These materials are well suited for use as electrolytes, lubricants, solvents for extractions and for running reactions, biphase catalysis media, and immobilizing ionic media for electroluminescent and electrochromic devices.
FIG. 1 is a graphical depiction of chemical structures that are the subject of this invention.
FIG. 2 are examples of cyclic stabilized cations.
FIG. 3 represents examples of the linking group (also referred to as spacer group), which may be thought of as a chain or polymer unit connecting the cations.
FIG. 4 represents different ways that the cations can be incorporated into the linking group backbone.
This invention deals with cyclic delocalized cations joined together by spacer groups, with anions of equal number to cations to maintain charge neutrality. FIG. 1 is a graphical depiction of chemical structures that are the subject of this invention. The circle and + represents a cation comprised of a cyclic stabilized ring structure. The bold line connecting these cations depicts a linking group comprised of a polymer like backbone. The anion is represented by X−, wherein the negative charge equals that of the positive charge. In the simplest form, a dication material represented by (A) is the subject of this invention. Alternatives include an extended chain of cyclic stabilized cations linked together, having anions which are not structurally connected to the backbone (see B); with tethered anions which are structurally linked to the backbone (see C); or with anions linked to each other with any linking group (see D), thus forming separate linear or branched chains of anions and cations.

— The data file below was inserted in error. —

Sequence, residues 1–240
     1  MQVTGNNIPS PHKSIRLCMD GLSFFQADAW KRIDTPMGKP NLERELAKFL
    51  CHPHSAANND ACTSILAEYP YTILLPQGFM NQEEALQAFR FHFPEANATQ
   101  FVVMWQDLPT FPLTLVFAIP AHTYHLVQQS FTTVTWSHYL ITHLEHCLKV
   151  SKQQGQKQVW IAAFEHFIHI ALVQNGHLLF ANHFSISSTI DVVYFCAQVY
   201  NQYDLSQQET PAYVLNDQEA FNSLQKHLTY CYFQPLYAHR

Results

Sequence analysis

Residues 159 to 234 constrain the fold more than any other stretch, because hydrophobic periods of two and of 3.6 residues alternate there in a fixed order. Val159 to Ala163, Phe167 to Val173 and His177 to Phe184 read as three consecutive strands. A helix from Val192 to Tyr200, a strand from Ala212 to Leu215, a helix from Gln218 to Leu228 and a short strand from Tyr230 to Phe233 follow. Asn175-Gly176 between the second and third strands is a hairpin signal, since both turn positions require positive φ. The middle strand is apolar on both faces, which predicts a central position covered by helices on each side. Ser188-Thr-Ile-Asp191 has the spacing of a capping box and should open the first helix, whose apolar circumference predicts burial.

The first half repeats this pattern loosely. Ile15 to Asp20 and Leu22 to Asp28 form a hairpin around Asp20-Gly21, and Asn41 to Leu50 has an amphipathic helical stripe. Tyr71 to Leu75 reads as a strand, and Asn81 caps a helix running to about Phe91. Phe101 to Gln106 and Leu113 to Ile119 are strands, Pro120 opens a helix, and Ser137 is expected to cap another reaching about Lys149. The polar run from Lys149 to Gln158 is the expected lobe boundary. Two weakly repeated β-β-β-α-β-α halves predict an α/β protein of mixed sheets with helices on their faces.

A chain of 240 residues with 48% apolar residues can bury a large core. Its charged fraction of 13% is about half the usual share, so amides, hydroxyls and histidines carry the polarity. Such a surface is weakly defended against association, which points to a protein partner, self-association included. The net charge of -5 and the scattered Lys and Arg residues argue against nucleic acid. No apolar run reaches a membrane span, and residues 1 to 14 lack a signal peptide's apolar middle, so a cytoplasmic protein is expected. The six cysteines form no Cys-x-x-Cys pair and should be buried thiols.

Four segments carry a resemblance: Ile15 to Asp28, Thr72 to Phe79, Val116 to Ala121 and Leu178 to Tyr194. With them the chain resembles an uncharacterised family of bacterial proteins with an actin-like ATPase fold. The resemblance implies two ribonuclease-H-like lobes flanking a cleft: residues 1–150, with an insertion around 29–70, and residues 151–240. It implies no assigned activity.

These spacer groups (also referred to as linker groups) may be organic or inorganic in origin and may vary in length and preferably contain 1-35 monomer units. The spacer groups may be saturated, containing single bonds, or may be unsaturated, containing double and triple bonds. FIG. 3 represents examples of the linking group, which may be thought of as a chain or polymer unit connecting the cations. The linking group may be organic and or inorganic in nature. Examples of organic groups are the methylene, olefin, and alkyne hydrocarbon repeating units. Other alternatives of the linking group are that the repeating unit comprises a standard polymer such as polyethylene oxide, polyacrylonitrile, polyesters, polyamides, polyvinyl chloride, polypropylene and other polymer units. Inorganic chain examples can be sulfur nitride or polythiazyl, borazine type structure, or a transition metal or metal cluster. Other possible polymer units are silicates, titanates, polythiophene, and other such structures known to those who work in the field.
With appropriate design these salts can have melting and glass transition temperatures below, around, and above room temperature. The lyophobic character of these materials may be adjusted, providing unique properties.
These materials are well suited for use as electrolytes, lubricants, solvents for extractions and for running reactions, biphase catalysis media, media for electroluminescent devices.
The materials invented herein are ionic and may be in liquid form, depending on the cationic spacing and choice of anion.
Preferably, these compounds comprise as the cyclic cations heterocyclic compounds having 5 or 6 membered rings, namely pyridinium, pyridazinium, pyrimidinium, pyrazinium, imidazolium, pyrazolium, thiazolium, oxazolium, and triazolium compounds. These cations can be incorporated with the spacer groups in various ways, as shown in FIG. 4. For example, the cations can be attached to the linker groups via the hetero atom or the carbon atom of the ring structure. As depicted in FIG. 1B, the structure may have more than two cation centers, and the cation can either be part of the linker group backbone or be a side group to the linker group backbone.